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What is the Future of the Academic Book, University of Sussex, 11 November 2015

What is the Future of the Academic Book, University of Sussex, 11 November 2015

Live notes, so an incomplete, partial record of what actually happened.

Tags: acbookweek

My asides in {}

Stream/Deck:


Talk

Caroline Bassett (Sussex)

Monograph is valued as a defence against the encroachment of life, digital, neoliberalism. But this is an ideal, it conflates digital with neoliberalism, it misreads the possibilities (deep plus rapid together)

#AcBookWeek @carolinebasset1 discussing the way the idealisation of the monograph forms is outmoded

— Tim Hitchcock (@TimHitchcock) November 11, 2015
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Above all, the monograph has already moved from its ideal. The book is a skeuomorph: it is an ornament pointing to what it was.

The book is the end of the monograph endeavour. What else could the book be? Profitable to move from print history and book studies to media studies. If we move the monograph to media theory - to Capture, Storage, Forward - what does this open up? Monograph as media apparatus. Asymmetries between reading and writing become more obvious in the digital age.

Book as media operation, an apparatus - opens up horizons of reading #AcBookWeek

— Nick Canty (@nickpublisher) November 11, 2015
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Kiren Shoman (SAGE)

At an #AcBookWeek event. Speaker from sage:"commissioning editors now called brand managers". Interesting...

— Siobhán (@wigglymittens) November 11, 2015
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Video delivery as case study. As part of research and/or as part of dissemination.

Not sure use of videos is the future - been used in education for ages... #AcBookWeek #FutureOfTheBook

— Jil Fairclough (@bsms38) November 11, 2015
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Martin Eve (Birkbeck)

I'm going to be very cynical about why we produce books.

Why do we publish? We want to be read. We want to be assessed.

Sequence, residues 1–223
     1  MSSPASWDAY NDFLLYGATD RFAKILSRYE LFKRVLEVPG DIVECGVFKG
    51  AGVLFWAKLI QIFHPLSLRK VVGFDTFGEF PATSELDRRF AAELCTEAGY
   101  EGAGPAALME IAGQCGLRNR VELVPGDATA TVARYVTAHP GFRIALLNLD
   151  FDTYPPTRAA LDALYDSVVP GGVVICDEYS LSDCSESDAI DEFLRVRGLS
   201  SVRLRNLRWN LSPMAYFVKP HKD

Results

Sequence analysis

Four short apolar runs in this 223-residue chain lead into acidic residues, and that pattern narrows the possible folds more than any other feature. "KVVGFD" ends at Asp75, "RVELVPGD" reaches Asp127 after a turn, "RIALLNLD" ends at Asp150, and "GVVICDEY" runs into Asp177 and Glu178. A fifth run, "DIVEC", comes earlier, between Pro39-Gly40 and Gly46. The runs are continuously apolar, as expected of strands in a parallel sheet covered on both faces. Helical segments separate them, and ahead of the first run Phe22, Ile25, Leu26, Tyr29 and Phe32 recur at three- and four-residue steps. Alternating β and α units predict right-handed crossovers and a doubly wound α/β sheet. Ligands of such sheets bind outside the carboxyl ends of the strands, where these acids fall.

#AcBookWeek @martin_eve asking the real question here. Why do we publish?

— Tim Hitchcock (@TimHitchcock) November 11, 2015
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Books have things built into them that save us reading time.

The problem is that we ask researchers to publish something niche, but we also ask them to get their work through a commercial publishing system where more general.

#acbookweek @martin_eve on our system of symbolic economy. pic.twitter.com/rZP6sQVz9N

— James Baker (@j_w_baker) November 11, 2015
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Researchers in the symbolic economy maps to material economy - do we care about readers? #AcBookWeek pic.twitter.com/GJkfMaD4br

— Nick Canty (@nickpublisher) November 11, 2015
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As researchers we often don't care about readers. I've never heard a researcher say they won't publish with a press because they charge a lot for their books. Libraries get caught in this money trap. If we came to do this again today, we wouldn't use the system we have.

Academic books are micro-monopolies. When you are considering monograph A it is never interchangable with monograph B.

Everyone wants to publish, fewer people want to read everything that's published. Dual crisis of supply and demand @martin_eve #AcBookWeek

— Rachel P (@archelina) November 11, 2015
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Article Processing Charges don't really work with monographs. Journals are bought up front, banking on future quality. Books are bought individually after their creation.

Good evidence that green access doesn't hurt sales because we like the codex for random and sequential access.


Q&A

Q: This is all about process, can we stand back at look at this through the lens of the (un)civil conversation we are trying to have? A: Sure, social structures important to outline. Spaces for long form argument needed, if not this book object. I (Martin), like writing and reading books, but what I think is wrong is that the book form conditions other forms/situations.

A: I (Martin) knew that publishing my book on OA with CUP would give it the cache it needed, even though I was attacking the system CUP is built on.

A: We are fine with the inequalities of publishing until it is turned around upon us.

Who gets to speak and which voices get the privilege of being heard and why? #AcBookWeek

— Siobhán (@wigglymittens) November 11, 2015
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Q: more radically, we should be rewarded by reading not our outputs, right?

A: authorship as proxy for credit. And if we can't credit it, we can't assess it, the logic goes.


Some admin...

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